1. The People vs. O.J. Simpson: American Crime Story

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No matter how well you think you know the actual O.J. trial, you’re likely to glean some new information from the first season of this Ryan Murphy-produced TV series. The People vs. O.J. Simpson is so much more than a recreation of one this country’s most notorious court cases. It’s an examination of racial and gender inequality that unfortunately still feels all too familiar, a meditation on fame and the dangers of idol-worship, and a harrowing portrayal of the vulture-like nature of the American media. This show goes where documentary cameras and courtroom footage couldn’t, giving us an entirely knew perspective on something we thought we knew inside and out. The actual O.J. court case became a cultural phenomenon in 1995, and this show brilliantly looks into the why and how. Gripping, highly self-aware, and with an all-star cast—led by the incomparable Sarah Paulson, Sterling K. Brown, and Courtney B. Vance—The People vs. O.J. is easily the best and most important show of the year.


Some Honorable and Dishonorable Mentions:

Once again, there were too many good TV shows in 2016 to not give a few extra shoutouts at the end of my list. Game of Thrones had another impressive season that ended in an exciting new place. Louis C.K.’s Horace and Pete continued to prove just how much of an artistic visionary he really is. Better Things gave frequent Louie collaborator Pamela Adlon a platform to showcase her wonderful slice-of-life brand of comedy. Crazy Ex-Girlfriend continued to dazzle with funny and impressive musical numbers in season 2. Younger ended its third season on a shocking and unforgettable note. You’re the Worst continued to get very, very real and break genre conventions. The Good Place proved that Parks and Recreation creator Michael Schur is just as adept at inventive world-building as he is comedy. Finally, Full Frontal with Samantha Bee became a welcome addition to the late-night talk show roster and essential viewing during the Presidential campaign.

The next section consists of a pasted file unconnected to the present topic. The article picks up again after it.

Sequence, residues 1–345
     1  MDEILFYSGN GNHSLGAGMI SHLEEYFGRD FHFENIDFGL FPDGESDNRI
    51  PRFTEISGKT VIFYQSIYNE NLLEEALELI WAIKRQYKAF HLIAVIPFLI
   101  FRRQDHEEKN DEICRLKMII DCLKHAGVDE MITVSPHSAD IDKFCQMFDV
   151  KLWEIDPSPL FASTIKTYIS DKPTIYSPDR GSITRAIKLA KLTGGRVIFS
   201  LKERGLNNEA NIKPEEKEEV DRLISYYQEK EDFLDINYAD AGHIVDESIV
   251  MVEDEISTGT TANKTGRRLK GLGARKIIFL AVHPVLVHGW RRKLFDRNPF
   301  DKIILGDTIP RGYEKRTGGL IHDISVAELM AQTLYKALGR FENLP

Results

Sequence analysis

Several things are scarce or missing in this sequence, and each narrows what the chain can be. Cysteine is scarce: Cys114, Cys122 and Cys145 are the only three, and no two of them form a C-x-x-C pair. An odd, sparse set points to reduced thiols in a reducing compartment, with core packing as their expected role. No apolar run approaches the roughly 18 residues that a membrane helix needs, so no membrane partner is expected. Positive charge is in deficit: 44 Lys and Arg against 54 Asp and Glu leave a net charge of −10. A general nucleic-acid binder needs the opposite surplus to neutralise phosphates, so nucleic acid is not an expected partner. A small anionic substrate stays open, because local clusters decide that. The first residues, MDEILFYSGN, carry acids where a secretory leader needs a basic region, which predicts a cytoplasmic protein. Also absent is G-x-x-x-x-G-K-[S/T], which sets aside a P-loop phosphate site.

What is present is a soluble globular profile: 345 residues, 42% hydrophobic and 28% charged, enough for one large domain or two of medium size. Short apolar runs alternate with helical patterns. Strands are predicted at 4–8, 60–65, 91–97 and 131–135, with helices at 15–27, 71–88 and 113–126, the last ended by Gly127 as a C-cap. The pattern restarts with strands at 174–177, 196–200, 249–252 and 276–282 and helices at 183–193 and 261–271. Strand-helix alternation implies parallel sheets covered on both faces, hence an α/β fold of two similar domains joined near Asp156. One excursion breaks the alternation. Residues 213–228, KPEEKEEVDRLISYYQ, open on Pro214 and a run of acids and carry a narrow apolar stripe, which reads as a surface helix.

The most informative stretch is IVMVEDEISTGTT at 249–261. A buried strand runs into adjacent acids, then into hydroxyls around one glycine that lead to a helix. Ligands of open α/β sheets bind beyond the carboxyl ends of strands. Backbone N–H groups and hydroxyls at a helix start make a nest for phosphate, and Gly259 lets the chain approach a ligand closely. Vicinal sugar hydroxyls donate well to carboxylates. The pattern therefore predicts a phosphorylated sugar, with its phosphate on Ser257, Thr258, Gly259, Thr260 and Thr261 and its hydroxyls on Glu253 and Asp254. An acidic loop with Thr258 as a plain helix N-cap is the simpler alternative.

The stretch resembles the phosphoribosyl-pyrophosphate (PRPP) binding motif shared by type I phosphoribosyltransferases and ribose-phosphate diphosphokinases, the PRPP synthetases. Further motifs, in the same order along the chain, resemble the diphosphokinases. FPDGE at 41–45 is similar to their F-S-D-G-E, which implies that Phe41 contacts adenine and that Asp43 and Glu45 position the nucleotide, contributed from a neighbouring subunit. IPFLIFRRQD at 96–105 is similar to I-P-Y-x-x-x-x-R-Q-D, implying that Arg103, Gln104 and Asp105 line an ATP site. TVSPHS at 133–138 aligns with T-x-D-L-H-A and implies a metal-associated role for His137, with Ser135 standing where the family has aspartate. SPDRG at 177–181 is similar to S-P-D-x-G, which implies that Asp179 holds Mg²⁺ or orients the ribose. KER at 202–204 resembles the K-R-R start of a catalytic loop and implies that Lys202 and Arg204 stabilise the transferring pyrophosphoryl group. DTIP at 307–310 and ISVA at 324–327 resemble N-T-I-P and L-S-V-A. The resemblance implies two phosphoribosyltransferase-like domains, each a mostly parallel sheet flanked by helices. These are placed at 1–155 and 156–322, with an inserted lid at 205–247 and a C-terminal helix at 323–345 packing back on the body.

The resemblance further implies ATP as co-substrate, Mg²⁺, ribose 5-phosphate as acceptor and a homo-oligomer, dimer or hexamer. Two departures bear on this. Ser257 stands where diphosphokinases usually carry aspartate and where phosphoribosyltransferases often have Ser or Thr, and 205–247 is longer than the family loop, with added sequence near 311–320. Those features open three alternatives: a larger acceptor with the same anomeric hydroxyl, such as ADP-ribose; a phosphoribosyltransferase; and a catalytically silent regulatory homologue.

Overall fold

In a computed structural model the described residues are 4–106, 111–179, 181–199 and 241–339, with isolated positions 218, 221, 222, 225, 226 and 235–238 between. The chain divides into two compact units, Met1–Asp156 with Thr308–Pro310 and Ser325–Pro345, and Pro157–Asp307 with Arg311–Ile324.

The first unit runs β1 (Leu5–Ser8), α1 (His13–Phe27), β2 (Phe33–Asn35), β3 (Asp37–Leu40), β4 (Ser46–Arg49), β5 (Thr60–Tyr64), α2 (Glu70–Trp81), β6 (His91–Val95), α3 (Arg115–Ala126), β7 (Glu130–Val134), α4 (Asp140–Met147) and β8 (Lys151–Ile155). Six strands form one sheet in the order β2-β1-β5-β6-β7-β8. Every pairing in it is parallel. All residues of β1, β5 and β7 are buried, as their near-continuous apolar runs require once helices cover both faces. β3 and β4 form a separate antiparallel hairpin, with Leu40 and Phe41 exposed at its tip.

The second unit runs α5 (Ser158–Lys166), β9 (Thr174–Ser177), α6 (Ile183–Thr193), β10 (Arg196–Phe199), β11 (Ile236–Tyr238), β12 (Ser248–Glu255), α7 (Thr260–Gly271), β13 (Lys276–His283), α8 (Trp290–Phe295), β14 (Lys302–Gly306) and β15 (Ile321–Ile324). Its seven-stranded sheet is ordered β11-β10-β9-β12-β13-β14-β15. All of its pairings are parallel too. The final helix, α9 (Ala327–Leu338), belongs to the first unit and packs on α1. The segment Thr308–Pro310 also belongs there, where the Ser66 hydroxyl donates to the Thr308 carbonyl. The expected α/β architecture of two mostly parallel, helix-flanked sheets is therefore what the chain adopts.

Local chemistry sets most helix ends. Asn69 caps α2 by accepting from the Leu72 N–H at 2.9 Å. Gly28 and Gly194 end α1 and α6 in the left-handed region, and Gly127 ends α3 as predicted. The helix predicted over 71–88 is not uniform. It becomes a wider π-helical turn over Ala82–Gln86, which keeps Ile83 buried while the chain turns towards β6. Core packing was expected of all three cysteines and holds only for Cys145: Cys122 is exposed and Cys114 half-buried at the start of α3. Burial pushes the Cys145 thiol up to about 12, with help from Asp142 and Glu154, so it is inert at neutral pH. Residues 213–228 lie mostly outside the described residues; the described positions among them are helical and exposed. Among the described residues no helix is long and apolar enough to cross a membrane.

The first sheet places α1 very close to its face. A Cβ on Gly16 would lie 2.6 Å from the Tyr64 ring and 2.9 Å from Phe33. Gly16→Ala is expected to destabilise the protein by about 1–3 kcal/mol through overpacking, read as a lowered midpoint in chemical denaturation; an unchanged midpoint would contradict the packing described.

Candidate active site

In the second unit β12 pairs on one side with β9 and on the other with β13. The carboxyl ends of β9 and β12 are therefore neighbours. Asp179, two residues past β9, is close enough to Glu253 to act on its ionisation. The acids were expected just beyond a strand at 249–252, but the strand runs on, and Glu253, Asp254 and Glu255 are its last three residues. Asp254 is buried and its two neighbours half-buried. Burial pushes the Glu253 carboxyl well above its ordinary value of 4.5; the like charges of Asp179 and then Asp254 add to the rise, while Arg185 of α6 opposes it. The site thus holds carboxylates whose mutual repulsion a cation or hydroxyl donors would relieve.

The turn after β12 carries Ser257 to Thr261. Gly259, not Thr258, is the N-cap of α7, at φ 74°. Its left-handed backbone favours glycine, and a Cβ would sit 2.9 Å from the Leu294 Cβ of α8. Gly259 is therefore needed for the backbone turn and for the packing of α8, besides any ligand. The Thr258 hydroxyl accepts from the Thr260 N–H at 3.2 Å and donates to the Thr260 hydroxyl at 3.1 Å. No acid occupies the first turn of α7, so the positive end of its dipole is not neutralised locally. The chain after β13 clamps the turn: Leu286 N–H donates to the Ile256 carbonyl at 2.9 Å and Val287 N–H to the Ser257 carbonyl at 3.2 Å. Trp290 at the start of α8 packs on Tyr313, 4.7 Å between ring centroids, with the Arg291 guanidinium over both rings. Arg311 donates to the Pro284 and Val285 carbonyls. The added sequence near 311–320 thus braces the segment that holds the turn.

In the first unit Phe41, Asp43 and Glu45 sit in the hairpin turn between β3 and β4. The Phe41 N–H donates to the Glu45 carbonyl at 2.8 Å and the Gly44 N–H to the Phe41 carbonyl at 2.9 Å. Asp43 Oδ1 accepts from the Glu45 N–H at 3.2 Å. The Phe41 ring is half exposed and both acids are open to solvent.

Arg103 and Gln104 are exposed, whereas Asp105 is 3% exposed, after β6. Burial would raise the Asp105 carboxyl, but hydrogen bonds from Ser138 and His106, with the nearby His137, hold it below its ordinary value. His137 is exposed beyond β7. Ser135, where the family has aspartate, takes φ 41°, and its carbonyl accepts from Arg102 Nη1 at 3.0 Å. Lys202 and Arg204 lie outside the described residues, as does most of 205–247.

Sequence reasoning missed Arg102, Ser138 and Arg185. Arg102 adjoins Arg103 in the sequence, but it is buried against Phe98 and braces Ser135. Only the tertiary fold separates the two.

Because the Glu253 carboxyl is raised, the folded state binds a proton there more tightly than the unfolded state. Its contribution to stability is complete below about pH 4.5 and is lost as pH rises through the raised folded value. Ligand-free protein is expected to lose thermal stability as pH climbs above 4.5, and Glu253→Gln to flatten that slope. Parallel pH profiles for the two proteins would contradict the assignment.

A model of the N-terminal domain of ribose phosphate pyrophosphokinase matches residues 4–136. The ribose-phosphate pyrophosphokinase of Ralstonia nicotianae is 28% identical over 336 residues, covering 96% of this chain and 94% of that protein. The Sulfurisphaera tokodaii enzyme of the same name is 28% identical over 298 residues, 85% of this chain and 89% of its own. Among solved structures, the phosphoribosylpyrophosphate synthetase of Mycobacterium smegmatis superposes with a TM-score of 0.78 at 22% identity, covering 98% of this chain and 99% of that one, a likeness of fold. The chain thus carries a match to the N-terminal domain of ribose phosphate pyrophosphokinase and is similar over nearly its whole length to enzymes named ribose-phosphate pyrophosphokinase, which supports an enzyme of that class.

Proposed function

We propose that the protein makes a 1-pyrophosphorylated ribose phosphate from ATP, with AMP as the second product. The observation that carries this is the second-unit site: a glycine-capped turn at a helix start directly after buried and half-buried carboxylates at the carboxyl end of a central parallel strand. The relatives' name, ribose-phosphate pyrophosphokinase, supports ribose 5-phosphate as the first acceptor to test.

On the bad side of things, UnREAL delivered a truly disappointing second season when they tried and failed to have an intelligent discussion on race. Vinyl, which had so many good names behind it, became one of HBO’s most expensive mistakes. Will Arnett, who’s so so good as the voice of Bojack Horseman, does little to improve the uber-serious and very dense Flaked. While Gilmore Girls: A Year in the Life was a fun and enjoyable reboot, Fuller House proved that not all the shows we used to love need to be brought back. Lastly, Woody Allen attempted to get into the streaming service game with Crisis in Six Scenes and the entire thing was a painful-to-watch misfire.

Somewhere in the middle is Westworld, which is certainly one of the most talked-about shows of the year. It was incredibly impressive from a filmmaking standpoint, and you can’t knock its sense of ambition, but it too often sacrificed important character development for flashy shootouts and fast-paced horseback rides. These things are fun, but when you know they’re being carried out by robots, it’s essentially like watching someone else play a video game, which is about the least fun thing you can do. Still, the show was somewhat saved by its explosive final scene, and Thandie Newton’s Maeve, who was the most captivating character on the show.



So how’d we do? What were your favorite shows of the year? Let us know in the comments below!



By Matt Dougherty and Mike Papirmeister